I teach 10th grade English at an interdistrict magnet school in New Haven, Connecticut. This is a required class for all students, and is intended to cover a wide breadth of topics, text genres, skills, and modes of writing before students may choose to further specialize their study of English in AP classes or dual enrollment courses during their junior year. The course is structured in theme-based quarters; each quarter targets a mode of writing (argumentative, persuasive, analytical) paired with a thematic unit of study. No texts are mandated, but texts are suggested to align with each theme. Though teachers have the flexibility to teach texts that they believe will best engage and push their students to a deeper understanding of the targeted standards, I became more and more aware of a lack of depth to the curriculum’s nature writing unit.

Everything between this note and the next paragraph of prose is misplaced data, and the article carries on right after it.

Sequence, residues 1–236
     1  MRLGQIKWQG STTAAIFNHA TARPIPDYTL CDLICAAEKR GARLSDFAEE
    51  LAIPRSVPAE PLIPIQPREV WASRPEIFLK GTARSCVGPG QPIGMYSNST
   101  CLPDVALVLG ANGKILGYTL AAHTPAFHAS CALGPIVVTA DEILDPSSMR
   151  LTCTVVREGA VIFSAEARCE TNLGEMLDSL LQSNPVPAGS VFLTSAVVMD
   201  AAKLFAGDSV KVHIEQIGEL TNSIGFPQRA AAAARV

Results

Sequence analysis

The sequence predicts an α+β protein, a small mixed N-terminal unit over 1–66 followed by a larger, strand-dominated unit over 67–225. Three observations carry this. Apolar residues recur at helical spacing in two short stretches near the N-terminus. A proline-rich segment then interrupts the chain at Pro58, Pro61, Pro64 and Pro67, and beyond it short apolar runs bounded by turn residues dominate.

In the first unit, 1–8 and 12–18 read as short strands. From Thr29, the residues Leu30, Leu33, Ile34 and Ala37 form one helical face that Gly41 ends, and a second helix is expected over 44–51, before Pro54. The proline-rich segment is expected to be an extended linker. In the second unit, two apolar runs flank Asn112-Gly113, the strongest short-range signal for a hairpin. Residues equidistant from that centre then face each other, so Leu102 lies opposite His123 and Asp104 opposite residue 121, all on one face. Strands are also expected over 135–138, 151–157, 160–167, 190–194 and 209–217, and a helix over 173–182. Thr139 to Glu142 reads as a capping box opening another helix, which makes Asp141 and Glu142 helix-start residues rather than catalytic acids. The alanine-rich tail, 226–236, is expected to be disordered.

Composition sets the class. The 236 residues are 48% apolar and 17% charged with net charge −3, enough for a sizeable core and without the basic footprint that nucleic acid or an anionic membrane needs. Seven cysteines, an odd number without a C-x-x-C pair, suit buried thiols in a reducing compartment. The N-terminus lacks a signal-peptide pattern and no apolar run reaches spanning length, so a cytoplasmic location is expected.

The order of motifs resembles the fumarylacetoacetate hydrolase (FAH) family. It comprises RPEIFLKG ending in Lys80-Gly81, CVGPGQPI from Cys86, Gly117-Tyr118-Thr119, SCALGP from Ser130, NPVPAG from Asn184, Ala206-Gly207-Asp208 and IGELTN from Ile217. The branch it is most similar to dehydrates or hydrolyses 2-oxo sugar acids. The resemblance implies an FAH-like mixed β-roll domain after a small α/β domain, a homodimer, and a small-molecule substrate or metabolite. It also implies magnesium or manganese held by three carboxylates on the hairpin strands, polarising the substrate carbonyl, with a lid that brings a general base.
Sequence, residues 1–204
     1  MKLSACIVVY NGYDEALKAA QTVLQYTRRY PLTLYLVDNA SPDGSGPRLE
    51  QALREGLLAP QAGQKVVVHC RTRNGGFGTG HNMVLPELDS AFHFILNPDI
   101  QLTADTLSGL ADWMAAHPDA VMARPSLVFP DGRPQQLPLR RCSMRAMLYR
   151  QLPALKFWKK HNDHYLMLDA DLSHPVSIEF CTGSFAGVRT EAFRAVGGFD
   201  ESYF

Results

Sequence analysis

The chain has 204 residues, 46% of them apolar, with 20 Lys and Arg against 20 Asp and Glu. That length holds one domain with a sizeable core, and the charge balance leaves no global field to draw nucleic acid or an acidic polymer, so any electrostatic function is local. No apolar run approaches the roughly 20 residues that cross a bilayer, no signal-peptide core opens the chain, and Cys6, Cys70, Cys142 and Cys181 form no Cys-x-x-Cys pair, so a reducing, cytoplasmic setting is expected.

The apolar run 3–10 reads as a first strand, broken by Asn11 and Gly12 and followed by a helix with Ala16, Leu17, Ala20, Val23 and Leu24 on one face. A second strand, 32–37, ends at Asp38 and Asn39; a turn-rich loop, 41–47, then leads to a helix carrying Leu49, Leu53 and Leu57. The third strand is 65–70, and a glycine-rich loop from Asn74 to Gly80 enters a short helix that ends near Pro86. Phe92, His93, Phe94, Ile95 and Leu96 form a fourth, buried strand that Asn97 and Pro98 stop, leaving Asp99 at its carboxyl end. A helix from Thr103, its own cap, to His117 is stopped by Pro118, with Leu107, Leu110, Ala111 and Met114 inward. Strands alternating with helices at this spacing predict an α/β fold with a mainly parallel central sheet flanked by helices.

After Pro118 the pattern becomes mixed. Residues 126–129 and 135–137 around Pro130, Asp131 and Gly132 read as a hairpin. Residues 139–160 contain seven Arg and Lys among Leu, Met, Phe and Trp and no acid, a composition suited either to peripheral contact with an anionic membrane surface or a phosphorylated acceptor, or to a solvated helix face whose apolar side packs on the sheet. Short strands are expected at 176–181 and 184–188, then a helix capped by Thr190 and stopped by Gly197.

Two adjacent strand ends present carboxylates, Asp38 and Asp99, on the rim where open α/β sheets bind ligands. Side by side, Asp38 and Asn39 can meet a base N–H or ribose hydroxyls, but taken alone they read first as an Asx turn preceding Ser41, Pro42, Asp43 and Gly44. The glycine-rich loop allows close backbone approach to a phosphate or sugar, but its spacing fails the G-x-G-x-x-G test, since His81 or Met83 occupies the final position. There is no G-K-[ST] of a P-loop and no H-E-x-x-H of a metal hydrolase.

The district-endorsed unit, titled “Self and Nature: Exploring Human Relationships with Nature” recommends texts that are familiar to many English teachers as the canon of American transcendentalism, the 19th-century literary and philosophical movement advocating for the unity of nature, the divine, and humanity. Some suggestions outside of that realm are recommended (Rachel Carson, Jack London, Jon Krakauer), but even these more modern suggestions do very little to tell a more accurate and complete story of human’s place in the environment.